In 2006 Alain Levy startled an audience at London Business School with the statement: “The CD as it is right now is dead.”

Blunt words from the man who ruled music during the 1990s—the decade when the CD was the dominant format. As head of Polygram, Levy used smart acquisitions and A&R to turn the minor label into a worldwide entertainment force that sold one out of every five albums during his tenure.

Levy, a native of France, joined CBS International after graduating from Wharton in 1972. After working in the U.S., France, and Italy in manufacturing, logistics, and marketing, in 1979 he became CEO of CBS France. In 1984 Levy moved to PolyGram as CEO of its French operations, just as the CD was gaining ground among early adopters. Levy built the business into France’s largest record company with a market share of more than 30 percent. In 1988, he became London-based executive vice president of PolyGram in charge of its worldwide pop and music publishing activities. During this time, he played a leading role in PolyGram’s negotiations to acquire Island Records and A&M Records, which brought to PolyGram top-selling artists U2 and Sting.

In 1989 Levy was appointed worldwide president and CEO of PolyGram, where he led the acquisition of Motown and Def Jam, further diversifying Poly-Gram’s musical slate. Four years later PolyGram became the number one music company in the world, and Levy established a film arm—PolyGram Filmed Entertainment, which produced and distributed profitable and influential films such as Four Weddings and a Funeral, Trainspotting, and Fargo. In 1998 PolyGram was sold to Seagram and Levy left the company.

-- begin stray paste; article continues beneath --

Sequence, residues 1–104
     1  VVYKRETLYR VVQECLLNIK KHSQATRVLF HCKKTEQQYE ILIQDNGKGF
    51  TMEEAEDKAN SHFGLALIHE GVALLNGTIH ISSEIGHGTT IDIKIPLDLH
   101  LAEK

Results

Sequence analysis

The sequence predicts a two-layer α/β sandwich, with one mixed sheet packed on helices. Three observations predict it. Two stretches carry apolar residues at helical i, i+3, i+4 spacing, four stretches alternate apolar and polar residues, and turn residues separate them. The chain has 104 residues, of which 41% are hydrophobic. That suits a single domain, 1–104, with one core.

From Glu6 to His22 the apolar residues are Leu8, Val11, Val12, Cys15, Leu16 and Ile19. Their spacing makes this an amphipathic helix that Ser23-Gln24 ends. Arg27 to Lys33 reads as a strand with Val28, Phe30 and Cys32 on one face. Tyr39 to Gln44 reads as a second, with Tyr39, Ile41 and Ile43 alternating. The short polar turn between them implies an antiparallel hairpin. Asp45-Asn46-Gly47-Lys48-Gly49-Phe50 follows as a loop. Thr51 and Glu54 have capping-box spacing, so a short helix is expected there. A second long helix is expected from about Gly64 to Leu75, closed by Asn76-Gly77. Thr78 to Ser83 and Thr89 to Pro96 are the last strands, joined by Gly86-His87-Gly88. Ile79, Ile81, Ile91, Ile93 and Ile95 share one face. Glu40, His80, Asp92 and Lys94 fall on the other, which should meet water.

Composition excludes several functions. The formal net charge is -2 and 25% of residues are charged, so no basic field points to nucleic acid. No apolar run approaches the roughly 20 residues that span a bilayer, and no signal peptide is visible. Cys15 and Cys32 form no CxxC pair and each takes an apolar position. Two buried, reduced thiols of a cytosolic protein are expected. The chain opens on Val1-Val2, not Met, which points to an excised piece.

More recently, as CEO of EMI from 2001 to 2006, he helped the company mine its powerful back catalog and develop a digital strategy for online marketing and downloadable ringtones to stave off the continuing threat of pirated downloads and declining CD sales. Levy is a member of Wharton’s Executive Board for Europe, Africa, and the Middle East.